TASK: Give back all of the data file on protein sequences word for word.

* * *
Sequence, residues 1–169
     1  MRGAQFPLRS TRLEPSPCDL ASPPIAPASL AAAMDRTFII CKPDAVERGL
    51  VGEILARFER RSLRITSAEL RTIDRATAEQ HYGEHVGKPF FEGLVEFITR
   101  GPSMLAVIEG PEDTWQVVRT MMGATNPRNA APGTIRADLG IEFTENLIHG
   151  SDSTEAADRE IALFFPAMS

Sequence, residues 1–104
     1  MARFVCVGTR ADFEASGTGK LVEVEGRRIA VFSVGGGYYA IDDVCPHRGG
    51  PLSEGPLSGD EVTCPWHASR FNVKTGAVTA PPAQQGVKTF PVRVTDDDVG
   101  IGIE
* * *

Sequence, residues 1–169
     1  MRGAQFPLRS TRLEPSPCDL ASPPIAPASL AAAMDRTFII CKPDAVERGL
    51  VGEILARFER RSLRITSAEL RTIDRATAEQ HYGEHVGKPF FEGLVEFITR
   101  GPSMLAVIEG PEDTWQVVRT MMGATNPRNA APGTIRADLG IEFTENLIHG
   151  SDSTEAADRE IALFFPAMS

Sequence, residues 1–104
     1  MARFVCVGTR ADFEASGTGK LVEVEGRRIA VFSVGGGYYA IDDVCPHRGG
    51  PLSEGPLSGD EVTCPWHASR FNVKTGAVTA PPAQQGVKTF PVRVTDDDVG
   101  IGIE